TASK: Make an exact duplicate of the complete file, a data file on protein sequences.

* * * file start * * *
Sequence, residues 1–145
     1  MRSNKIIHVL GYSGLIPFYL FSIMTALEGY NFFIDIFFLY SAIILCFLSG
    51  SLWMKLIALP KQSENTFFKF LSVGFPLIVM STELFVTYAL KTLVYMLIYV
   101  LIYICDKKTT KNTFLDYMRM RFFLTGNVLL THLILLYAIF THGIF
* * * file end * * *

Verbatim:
Sequence, residues 1–145
     1  MRSNKIIHVL GYSGLIPFYL FSIMTALEGY NFFIDIFFLY SAIILCFLSG
    51  SLWMKLIALP KQSENTFFKF LSVGFPLIVM STELFVTYAL KTLVYMLIYV
   101  LIYICDKKTT KNTFLDYMRM RFFLTGNVLL THLILLYAIF THGIF